After a crazy fight with a Wight Boar (yes really) that sees Thoros of Myr badly injured, the group come across the Walkers, setting of a very intense next few minutes. At one point, Jon even remarks at the absurdity of the plan, which is generally a TV Trope of acknowledging a particular plan’s stupidity by having the show’s characters admit it in the show itself. Luckily for them, they come face to face with a few walkers at first and, after a short fight, managing to slay all but one of the walkers by simply killing their leader off.

This is the first of the important revelations that we see in these sequences with the Walkers. As the characters explain, it seems like if the walker head is slayed, all walkers that he revived go down with him as well. This has far-reaching consequences in that it finally makes the army of the dead vulnerable; after all, all they need to do is to seek out the handful of leaders of this giant endless army and kill them and the others will simply fall on their own. Cut of the heads and no one shall take their place.

Of course it’s not going to be as easy as it sounds. And we get a horrific glimpse of that when the Walker army charges ahead towards Jon Snow and the seven white men, encircling them from all angles. Just before they’re about to do that though, Jon sends Gendry away in a marathon sprint towards Eastwatch to send a raven back to Daenerys seeking help. This decision creates two further lapses in plot and logic: that of Gendry running back to Eastwatch without food or water, making it back, and managing to get a raven with the message dispatched which, traveling at supersonic speed perhaps, reaches Daenerys on time. The plausibility of it seems skeptical at best.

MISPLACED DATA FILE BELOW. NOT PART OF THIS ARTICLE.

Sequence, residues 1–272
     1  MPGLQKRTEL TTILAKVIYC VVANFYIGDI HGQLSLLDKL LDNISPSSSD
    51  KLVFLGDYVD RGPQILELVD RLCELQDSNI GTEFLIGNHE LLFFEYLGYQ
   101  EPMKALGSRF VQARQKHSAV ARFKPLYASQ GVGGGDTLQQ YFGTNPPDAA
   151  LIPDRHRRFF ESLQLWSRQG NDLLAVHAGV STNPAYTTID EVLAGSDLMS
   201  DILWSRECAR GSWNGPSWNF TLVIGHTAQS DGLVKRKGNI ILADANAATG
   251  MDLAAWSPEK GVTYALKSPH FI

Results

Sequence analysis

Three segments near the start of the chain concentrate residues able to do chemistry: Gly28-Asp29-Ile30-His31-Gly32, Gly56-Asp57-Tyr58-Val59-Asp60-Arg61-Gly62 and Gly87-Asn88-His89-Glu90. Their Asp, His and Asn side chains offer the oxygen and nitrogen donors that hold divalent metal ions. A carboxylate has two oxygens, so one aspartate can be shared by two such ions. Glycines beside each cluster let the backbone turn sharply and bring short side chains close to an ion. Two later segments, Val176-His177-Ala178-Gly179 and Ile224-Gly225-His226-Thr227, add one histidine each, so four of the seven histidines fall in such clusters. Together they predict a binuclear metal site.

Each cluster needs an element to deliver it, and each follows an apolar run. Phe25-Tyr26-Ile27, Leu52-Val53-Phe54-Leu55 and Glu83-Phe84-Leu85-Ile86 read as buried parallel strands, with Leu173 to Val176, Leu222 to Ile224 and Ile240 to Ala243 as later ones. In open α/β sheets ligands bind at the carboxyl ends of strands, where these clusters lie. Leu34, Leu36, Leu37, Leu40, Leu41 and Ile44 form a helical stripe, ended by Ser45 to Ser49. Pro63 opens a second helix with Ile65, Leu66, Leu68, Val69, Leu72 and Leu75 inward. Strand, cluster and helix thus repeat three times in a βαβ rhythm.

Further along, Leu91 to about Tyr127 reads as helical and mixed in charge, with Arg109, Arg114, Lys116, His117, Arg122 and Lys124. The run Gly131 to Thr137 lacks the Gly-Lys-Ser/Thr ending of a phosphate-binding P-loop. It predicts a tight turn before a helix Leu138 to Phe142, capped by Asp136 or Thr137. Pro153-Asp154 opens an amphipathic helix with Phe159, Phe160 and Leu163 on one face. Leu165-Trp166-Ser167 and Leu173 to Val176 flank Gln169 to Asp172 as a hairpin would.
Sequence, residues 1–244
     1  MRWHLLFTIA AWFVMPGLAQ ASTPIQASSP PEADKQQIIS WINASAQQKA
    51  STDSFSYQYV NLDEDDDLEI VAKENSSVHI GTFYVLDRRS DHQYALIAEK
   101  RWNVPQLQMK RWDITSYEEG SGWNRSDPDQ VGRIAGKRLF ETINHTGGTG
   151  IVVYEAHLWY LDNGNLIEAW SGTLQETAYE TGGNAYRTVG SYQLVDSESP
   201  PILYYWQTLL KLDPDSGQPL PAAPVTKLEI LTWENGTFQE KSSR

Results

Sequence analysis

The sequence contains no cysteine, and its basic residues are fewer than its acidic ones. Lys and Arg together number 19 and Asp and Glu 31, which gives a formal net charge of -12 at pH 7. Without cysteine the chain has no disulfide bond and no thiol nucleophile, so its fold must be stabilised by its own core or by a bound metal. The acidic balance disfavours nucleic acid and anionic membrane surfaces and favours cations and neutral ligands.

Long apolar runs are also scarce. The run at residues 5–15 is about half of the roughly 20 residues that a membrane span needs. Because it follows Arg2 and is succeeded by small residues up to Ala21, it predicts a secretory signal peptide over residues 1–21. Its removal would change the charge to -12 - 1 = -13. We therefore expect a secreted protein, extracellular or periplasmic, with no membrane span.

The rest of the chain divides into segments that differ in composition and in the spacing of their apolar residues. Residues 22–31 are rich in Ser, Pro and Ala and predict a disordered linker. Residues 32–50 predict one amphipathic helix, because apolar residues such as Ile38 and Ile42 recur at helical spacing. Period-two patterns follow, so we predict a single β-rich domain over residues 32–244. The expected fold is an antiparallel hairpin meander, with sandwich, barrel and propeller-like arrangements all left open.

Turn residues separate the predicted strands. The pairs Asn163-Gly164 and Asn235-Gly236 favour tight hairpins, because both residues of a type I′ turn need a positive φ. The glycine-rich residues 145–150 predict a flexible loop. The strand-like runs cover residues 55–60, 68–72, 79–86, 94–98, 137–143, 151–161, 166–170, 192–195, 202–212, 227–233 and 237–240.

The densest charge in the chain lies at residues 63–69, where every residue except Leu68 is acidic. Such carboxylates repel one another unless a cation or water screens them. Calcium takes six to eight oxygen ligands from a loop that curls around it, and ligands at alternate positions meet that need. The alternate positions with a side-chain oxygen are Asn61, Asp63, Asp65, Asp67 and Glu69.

In a brilliant sequence that follows though, the gang is forced to retreat at the center of an ice-berg like structure and as the walkers charge ahead of them, their weight collapses the already strained ice causing them to stop their advances and wait for the water to freeze. That moment of impending doom, that there’s literally no way out is so powerful and so eerie that I actually wished the episode would just stall there for a longer time to build up the palpable tension. The episode could’ve even simply ended with them stranded on that island like structure spending time biding their ways and talking and counting their last moments until help arrived.